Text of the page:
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Jinx Falkenburg


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Mindy Aloff's letter this week for DanceViewTimes is, in part, an appreciation of the late Jinx Falkenburg. I was unfamiliar with her career as a dancer :blushing:

I found one of the things Aloff wrote particularly interesting:

Still, it was one of the great bodies of the 20th century, photographed tens of thousands of times; and the playfulness, the fire, the joy in being alive that animated it belonged to a generation that included Maria Tallchief, Janet Reed, Lena Horne, Alicia Alonso, Rita Hayworth, Jeni LeGon, and a host of other stage and screen goddesses, as well as to my mother, who, like Jinx, never studied dance but loved it anyway—a generation that, when it stepped out, often went dancing. It was in their blood to make their own fun, with their swinging skirts and shapely gams and unself-consciously immediate relationship to rhythm and song. Their bodies eventually betrayed them, yet they never lost that cocktail of realism and humor that W.W.II served them when they came of age. They are the girls encapsulated in Fancy Free, Diversion of Angels, Gaîté Parisienne, La Valse. Young dancers who impersonate them today have to be coached to produce the spontaneity they dispensed with such seeming effortlessness and élan.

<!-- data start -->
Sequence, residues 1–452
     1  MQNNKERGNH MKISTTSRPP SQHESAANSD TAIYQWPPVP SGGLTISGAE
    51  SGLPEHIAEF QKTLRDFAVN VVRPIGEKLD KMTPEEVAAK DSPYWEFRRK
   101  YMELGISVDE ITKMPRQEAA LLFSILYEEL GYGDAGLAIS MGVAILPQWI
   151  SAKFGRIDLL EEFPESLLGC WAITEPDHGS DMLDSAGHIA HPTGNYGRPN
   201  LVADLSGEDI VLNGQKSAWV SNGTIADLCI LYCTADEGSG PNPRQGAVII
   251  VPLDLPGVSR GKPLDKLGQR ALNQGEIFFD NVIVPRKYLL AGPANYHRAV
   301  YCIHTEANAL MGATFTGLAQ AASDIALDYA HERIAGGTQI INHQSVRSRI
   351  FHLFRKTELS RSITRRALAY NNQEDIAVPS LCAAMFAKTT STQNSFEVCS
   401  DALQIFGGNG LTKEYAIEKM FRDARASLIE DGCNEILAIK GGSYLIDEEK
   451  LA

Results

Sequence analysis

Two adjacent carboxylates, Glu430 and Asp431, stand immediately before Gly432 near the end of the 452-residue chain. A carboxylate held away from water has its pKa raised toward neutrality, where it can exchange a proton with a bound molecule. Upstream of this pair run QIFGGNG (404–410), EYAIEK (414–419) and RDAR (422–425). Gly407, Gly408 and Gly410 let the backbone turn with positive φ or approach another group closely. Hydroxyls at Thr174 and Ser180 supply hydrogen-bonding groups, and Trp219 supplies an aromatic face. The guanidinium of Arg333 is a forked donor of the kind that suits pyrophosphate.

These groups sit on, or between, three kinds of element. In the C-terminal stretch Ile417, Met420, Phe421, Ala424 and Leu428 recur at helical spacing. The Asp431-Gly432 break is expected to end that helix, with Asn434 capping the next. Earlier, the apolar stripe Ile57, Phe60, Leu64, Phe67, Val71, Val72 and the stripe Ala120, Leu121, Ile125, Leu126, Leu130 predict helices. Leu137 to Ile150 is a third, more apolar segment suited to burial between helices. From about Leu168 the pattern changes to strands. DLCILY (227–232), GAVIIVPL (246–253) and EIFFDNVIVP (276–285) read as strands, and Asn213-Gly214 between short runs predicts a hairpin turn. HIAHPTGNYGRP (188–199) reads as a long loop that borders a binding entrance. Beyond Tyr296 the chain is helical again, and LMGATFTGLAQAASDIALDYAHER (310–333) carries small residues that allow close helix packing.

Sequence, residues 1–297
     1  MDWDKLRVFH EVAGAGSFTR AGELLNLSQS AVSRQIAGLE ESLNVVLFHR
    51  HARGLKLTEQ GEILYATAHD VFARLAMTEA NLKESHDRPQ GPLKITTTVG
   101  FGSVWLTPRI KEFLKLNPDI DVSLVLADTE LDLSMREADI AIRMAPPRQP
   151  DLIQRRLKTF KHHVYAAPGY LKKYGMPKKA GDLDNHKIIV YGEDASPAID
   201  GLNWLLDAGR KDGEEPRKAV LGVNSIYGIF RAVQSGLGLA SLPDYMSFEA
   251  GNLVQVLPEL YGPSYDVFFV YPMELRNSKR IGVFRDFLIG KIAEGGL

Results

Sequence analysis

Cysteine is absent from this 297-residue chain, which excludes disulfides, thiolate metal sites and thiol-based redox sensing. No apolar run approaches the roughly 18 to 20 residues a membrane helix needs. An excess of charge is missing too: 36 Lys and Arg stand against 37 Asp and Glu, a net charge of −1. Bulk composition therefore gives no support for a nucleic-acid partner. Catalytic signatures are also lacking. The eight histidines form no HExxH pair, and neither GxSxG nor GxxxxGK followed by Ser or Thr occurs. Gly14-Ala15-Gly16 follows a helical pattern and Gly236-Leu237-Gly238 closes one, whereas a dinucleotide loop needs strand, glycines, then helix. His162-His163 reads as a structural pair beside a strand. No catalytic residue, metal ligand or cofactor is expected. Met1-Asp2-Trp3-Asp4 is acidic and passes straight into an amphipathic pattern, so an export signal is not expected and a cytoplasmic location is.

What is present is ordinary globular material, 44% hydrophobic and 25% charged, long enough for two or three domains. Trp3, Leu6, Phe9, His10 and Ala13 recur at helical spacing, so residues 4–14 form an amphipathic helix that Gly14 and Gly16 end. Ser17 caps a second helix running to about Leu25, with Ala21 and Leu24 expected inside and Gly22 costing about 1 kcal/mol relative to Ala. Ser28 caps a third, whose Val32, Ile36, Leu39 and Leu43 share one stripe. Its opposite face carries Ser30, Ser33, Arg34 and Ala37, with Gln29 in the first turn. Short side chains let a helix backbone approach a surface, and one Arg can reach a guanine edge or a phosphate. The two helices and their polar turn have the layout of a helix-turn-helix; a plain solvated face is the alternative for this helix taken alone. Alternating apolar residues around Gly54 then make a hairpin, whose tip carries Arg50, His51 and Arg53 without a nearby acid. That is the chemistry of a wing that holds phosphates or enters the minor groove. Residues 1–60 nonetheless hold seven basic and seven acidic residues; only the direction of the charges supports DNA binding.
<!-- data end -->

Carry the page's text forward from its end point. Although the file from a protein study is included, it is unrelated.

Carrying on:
She does seem to personify her generation. Looking at the photos, especially the one where Falkenburg stands next to a wounded soldier (there's a third photo on the DVT home page, for those interested), does make her seem prototypical of her generation. She made gazillions of movies, none of which I've seen (or remember). Does anyone else remember her? Or have comments about the dancers of her generation?

[The full article can be found at: Letter from New York ]

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I remember Jinx Falkenburg from her talk radio days with her husband Tex McCrary. I never thought of her as a dancer, professionallyor otherwise. Ms. Aloff thinks she had a perfect body for Ballet. Given the time frame (40's and 50's) I think her "5'9" lanky body" would have been a hindrance for a ballet career. Today, yes--but not then. I think I read somewhere that one of the reasons Audrey Hepburn did not pursue a career in ballet was her height.

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I thought five foot nine would be too tall, too -- I suppose Aloff meant her proportions. She doesn't look 5 foot nine in the photos that accompany the article; it would make the soldier standing next to her about 6 foot 5 (which is quite possible, of course).

I didn't know about her as a dancer either, atm. When I did a google search on her name, several pages identified her as "an exotic dancer." But she did dance in films -- at least once with Gene Kelly.

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Aloff says that Falkenberg's figure was ideal for dancing – I don't think she meant to suggest that Jinx would have been a successful ballet dancer in that time and place. (Certainly not with those substantial Forties gazongas.) I think she's pointing to the much closer connection between vernacular dance and ballet that was present then and doesn't exist now.